This post will explain how to create tables, calculate proportions, find the mode, and make plots for categorical variables in R. Before providing examples below is the script needed to setup the data that we are using

cars <- mtcars[c(1,2,9,10)] cars$am <- factor(cars$am, labels=c('auto', 'manual')) cars$gear <- ordered(cars$gear)

**Tables**

Frequency tables are useful for summarizing data that has a limited number of values. It represents how often a particular value appears in a dataset. For example, in our cars dataset, we may want to know how many different kinds of transmission we have. To determine this, use the code below.

> transmission_table <- table(cars$am) > transmission_table auto manual 19 13

Here is what we did.

- We created the variable ‘transmission_table’
- In this variable, we used the ‘table’ function which took information from the ‘am’ variable from the ‘cars’ dataset.
- Final we displayed the information by typing ‘transmission_table’ and pressing enter

**Proportion**

Proportions can also be calculated. A proportion will tell you what percentage of the data belongs to a particular category. Below are the proportions of automatic and manual transmissions in the ‘cats’ dataset.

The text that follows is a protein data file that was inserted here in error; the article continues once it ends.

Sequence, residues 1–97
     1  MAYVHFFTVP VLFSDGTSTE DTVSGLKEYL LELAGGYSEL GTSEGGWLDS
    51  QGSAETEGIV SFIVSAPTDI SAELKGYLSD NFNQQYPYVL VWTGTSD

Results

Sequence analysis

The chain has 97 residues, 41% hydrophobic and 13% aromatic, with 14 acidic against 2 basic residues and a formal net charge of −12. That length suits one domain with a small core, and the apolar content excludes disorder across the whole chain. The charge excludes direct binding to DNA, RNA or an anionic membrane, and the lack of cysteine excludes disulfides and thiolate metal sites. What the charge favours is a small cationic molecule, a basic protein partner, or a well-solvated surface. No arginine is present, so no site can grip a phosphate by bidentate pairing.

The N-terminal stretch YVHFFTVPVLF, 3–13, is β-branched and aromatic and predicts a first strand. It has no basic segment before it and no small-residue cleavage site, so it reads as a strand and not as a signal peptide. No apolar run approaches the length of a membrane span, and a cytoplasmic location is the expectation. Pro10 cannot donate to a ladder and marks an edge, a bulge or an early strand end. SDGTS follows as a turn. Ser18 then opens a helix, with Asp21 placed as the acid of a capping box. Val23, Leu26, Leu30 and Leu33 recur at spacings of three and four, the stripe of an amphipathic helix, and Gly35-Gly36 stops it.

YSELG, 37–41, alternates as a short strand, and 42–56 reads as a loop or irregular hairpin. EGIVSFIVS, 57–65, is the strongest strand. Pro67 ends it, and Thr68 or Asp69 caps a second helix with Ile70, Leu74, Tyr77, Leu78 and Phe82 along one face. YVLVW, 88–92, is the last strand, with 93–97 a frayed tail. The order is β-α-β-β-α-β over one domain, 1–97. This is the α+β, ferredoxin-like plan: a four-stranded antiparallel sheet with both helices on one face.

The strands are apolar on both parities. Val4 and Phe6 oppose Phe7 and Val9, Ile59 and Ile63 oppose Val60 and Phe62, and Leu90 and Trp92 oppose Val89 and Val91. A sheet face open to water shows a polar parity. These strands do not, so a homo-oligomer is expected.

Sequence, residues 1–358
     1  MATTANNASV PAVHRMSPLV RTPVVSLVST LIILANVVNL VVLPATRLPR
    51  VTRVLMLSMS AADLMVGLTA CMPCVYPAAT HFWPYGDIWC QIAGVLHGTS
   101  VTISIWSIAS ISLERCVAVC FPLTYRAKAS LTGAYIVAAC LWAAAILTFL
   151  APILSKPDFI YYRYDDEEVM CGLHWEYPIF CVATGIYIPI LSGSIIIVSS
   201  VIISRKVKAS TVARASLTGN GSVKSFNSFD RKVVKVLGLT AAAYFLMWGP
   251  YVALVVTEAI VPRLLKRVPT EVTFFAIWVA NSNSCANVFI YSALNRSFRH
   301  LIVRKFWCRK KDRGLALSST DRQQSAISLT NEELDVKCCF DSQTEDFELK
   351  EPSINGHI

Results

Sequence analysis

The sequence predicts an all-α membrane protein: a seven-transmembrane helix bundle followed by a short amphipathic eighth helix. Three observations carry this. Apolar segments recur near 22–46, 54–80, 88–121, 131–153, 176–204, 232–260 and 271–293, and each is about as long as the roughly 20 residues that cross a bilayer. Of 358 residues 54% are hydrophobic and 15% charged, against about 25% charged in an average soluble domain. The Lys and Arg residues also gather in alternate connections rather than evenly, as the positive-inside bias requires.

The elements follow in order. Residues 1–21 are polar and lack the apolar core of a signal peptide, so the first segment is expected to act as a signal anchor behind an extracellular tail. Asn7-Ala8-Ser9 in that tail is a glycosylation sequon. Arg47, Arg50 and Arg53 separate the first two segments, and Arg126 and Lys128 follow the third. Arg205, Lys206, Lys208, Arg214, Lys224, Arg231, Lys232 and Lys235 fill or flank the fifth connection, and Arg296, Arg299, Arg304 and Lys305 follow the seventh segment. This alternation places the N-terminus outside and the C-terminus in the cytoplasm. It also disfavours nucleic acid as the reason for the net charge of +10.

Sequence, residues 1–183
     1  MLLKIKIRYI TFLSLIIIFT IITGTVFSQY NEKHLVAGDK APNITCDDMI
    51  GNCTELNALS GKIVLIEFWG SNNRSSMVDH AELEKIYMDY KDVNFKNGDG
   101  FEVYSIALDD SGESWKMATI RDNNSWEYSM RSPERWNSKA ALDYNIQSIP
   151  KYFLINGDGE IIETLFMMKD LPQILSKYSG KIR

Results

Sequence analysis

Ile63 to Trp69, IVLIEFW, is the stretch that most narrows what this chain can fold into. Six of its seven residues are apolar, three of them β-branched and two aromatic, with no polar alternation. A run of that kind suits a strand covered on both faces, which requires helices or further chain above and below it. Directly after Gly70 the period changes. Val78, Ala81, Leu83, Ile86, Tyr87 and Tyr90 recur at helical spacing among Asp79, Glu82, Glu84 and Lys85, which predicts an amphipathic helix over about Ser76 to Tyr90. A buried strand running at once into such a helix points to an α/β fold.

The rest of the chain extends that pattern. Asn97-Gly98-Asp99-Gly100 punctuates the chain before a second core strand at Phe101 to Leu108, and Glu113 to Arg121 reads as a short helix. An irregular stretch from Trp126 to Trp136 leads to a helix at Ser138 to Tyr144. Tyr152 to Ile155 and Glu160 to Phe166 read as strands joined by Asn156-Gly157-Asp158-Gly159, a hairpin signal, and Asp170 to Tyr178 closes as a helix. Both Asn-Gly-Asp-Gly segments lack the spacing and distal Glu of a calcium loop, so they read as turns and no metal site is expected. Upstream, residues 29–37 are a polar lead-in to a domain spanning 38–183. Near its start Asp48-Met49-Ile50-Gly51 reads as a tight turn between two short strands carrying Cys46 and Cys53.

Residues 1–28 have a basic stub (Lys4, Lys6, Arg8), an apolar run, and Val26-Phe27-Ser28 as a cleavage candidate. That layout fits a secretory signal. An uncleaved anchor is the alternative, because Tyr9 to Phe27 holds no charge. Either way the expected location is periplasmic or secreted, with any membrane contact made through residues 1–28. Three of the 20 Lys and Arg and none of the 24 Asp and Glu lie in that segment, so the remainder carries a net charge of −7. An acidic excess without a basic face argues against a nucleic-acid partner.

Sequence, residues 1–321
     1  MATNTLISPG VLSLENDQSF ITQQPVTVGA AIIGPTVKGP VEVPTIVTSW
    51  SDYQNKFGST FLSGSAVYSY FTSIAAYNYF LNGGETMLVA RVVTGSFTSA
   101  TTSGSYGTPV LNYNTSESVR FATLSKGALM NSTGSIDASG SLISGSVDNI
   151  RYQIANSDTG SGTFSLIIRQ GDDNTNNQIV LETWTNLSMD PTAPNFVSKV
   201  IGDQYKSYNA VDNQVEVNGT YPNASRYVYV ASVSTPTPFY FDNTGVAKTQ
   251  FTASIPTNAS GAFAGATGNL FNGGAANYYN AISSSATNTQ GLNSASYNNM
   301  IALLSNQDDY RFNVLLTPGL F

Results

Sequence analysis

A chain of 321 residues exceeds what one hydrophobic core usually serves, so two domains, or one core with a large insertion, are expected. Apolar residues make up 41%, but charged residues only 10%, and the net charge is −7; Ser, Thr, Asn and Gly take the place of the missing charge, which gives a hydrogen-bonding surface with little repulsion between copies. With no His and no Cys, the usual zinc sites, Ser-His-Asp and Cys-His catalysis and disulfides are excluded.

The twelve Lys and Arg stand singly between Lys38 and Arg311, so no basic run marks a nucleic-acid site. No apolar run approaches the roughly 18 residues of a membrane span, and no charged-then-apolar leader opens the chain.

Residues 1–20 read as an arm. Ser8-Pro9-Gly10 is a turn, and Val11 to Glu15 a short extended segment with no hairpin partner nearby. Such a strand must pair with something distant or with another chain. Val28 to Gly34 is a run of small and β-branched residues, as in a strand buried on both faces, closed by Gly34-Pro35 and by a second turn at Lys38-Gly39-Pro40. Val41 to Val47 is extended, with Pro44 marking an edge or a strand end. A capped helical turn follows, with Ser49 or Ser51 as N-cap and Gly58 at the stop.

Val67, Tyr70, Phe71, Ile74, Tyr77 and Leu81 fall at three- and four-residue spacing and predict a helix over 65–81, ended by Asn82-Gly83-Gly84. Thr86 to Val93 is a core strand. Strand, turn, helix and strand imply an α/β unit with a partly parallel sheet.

> transmission_table/sum(transmission_table) auto manual 0.59375 0.40625

The table above indicates that about 59% of the sample consists of automatic transmissions while about 40% are manual transmissions

**Mode**

When dealing with categorical variables there is not mean or median. However, it is still possible to calculate the mode, which is the most common value found. Below is the code.

> mode_transmission <-transmission_table ==max(transmission_table) > names(transmission_table) [mode_transmission] [1] "auto"

Here is what we did.

- We created the variable ‘mode_transmission’ and use the ‘max’ function to calculate the max number of counts in the transmission_table.
- Next we calculated the names found in the ‘transmission_table’ but we subsetted the ‘modes_transmission variable
- The most common value was ‘auto’ or automatic tradition,

**Plots**

Plots are one of the funniest capabilities in R. For now, we will only show you how to plot the data that we have been using. What is seen here is only the simplest and basic use of plots in R and there is a much more to it than this. Below is the code for plotting the number of transmission by type in R.

> plot(cars$am)

If you did this correctly you should see the following.

All we did was have R create a visual of the number of auto and manual transmissions.Naturally, you can make plots with continuous variables as well.

**Conclusion**

This post provided some basic information on various task can be accomplished in R for assessing categorical data. These skills will help researchers to take a sea of data and find simple ways to summarize all of the information.

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